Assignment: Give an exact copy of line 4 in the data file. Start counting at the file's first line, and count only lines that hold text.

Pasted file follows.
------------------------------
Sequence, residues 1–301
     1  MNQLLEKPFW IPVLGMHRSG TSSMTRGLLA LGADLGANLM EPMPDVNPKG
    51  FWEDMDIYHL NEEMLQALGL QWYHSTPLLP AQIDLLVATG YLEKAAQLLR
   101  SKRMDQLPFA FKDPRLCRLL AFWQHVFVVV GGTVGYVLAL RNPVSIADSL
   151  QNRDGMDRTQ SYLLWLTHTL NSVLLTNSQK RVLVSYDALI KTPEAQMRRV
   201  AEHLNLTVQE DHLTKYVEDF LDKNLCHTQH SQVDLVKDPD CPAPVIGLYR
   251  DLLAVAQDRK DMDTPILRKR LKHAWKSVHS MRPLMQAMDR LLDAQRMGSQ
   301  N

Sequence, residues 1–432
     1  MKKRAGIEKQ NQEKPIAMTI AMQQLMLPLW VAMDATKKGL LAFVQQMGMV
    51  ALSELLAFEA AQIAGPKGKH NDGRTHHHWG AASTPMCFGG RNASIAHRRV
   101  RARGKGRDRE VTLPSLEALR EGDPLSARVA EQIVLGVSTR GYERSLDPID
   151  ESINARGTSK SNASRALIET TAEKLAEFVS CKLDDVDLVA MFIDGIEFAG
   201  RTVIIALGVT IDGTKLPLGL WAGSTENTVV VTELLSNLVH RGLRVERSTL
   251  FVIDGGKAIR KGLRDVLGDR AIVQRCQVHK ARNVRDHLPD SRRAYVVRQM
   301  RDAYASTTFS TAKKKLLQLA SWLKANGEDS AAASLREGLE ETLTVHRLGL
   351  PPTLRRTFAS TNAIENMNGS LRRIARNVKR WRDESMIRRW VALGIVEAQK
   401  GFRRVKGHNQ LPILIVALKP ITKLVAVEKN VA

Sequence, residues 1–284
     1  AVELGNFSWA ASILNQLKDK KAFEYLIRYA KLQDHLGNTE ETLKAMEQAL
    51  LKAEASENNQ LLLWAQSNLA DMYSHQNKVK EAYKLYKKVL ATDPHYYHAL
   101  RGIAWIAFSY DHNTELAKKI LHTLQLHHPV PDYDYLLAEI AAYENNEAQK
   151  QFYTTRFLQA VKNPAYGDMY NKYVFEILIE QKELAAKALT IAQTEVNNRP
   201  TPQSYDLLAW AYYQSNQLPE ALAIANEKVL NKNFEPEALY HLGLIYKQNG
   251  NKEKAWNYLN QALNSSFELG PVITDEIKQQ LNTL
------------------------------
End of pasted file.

   101  SKRMDQLPFA FKDPRLCRLL AFWQHVFVVV GGTVGYVLAL RNPVSIADSL